When to buy
Sometimes in our investing experience we will find shares that seem to represent an excellent buying opportunity. But having bought them they fail to fulfill t heir promise. To a large degree, share price movements are directly influenced by two key factors - supply and demand. If enough investors share your view that the stock is worth buying and act accordingly, then the price will start to rise. So how can you assess whether other investors are buying? You can look at the extended trading data on Exchanges website.

Trade data
As well as listing every trade in real-time, a Bid and Offer price is shown alongside each script. As a lot of the trading is between market intermediaries such as market makers, it is important to realize that this is not an exact science and should be viewed with a degree of caution. None the less it can be a useful indicator of the buying and selling activity at any given time.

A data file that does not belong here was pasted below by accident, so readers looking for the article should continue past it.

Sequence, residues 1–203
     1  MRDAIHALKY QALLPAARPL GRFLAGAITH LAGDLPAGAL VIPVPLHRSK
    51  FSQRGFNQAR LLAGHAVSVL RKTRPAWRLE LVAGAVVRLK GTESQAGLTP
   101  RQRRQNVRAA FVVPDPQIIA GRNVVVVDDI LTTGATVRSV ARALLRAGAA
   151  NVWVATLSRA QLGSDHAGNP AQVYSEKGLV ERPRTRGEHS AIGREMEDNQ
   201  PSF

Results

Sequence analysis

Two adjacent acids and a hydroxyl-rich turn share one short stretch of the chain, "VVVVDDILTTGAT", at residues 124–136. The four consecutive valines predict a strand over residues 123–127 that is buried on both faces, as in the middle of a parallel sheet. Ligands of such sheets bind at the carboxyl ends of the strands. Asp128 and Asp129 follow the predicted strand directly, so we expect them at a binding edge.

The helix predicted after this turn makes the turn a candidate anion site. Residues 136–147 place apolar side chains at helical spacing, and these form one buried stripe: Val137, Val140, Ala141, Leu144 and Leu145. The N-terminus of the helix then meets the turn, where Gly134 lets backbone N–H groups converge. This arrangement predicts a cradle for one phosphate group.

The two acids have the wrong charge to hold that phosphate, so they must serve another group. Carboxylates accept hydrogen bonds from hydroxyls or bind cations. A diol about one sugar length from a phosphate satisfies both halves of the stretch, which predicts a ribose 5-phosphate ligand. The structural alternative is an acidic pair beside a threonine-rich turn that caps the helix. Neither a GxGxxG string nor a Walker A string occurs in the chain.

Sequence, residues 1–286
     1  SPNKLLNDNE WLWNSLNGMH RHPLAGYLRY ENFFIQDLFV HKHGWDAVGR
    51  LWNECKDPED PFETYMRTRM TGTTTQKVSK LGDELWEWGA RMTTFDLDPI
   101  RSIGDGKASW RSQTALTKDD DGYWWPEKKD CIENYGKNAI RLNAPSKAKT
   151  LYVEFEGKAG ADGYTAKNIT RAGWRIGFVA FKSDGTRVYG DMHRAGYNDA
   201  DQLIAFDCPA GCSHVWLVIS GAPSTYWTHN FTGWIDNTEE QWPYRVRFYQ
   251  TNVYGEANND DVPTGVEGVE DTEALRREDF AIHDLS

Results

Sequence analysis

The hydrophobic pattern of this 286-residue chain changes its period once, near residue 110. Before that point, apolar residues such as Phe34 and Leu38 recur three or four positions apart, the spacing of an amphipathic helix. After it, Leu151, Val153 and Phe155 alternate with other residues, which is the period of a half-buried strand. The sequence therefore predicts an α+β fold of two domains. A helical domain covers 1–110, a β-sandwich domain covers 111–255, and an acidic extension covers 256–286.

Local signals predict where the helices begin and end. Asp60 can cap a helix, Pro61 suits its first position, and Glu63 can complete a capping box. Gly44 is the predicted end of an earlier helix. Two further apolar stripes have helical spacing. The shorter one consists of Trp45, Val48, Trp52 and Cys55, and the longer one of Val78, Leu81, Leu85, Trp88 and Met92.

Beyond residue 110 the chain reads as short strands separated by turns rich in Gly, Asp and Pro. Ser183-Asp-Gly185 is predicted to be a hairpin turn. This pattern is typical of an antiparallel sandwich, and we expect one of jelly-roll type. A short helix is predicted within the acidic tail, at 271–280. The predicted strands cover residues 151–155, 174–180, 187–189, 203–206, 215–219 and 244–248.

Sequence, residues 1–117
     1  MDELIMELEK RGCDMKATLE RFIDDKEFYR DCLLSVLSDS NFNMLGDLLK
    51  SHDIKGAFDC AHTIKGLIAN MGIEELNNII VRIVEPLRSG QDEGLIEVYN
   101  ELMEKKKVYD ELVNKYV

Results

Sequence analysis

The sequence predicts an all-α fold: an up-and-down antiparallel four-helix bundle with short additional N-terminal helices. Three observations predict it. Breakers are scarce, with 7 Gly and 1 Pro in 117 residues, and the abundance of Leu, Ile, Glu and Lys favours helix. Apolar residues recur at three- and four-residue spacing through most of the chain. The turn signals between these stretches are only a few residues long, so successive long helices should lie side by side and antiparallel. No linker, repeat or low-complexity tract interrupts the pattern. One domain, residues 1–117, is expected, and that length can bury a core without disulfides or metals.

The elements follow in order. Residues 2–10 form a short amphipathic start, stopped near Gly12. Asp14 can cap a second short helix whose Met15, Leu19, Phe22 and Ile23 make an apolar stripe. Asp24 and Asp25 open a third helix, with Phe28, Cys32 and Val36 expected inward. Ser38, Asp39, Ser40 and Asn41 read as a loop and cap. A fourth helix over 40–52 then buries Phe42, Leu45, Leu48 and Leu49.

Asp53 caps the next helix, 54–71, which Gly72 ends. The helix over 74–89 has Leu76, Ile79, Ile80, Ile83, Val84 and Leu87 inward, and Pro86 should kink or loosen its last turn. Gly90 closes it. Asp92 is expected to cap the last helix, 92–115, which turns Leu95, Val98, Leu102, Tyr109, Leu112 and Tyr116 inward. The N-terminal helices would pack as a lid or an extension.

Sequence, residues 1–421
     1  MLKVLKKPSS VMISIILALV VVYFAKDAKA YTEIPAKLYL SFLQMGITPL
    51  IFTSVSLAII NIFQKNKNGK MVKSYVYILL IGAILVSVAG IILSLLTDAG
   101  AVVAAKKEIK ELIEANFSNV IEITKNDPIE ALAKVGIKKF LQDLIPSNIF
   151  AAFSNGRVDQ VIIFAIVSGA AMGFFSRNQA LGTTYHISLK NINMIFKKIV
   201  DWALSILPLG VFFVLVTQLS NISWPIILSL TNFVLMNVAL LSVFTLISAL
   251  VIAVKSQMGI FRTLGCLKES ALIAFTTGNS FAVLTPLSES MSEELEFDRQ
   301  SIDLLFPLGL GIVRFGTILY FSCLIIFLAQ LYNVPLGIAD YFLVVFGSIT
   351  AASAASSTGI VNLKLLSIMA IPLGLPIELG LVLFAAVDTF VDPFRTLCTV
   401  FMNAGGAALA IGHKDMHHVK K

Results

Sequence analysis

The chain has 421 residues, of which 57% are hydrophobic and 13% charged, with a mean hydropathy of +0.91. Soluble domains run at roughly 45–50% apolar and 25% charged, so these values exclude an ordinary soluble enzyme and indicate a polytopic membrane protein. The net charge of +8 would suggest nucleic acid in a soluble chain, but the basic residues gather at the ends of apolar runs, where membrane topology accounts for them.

Technical analysis
Technical Analysis can be one of the most effective ways of finessing the timing of a purchase. Technical analysis is a huge subject in its own right, but even a number of very simple studies can help. For example, a short term moving average rising above a long term moving average known as a golden cross- can be a very positive signal.

News analysis
An understanding of forthcoming corporate events will also influence the timing of a purchase. Is the company about to go ex-dividend for example? Or are the interim or annual results expected shortly? Would it be sensible to delay the purchase until after these events? Understanding how a share reacts to news stories may also influence the timing of a buy. Exchange Insight news analysis enables you to look at all the announcements for a particular company and then see how the share price has subsequently reacted to that news. If you are looking for long term steady growth and find a high degree of volatility resulting from announcements, then you may decide to pass up the opportunity.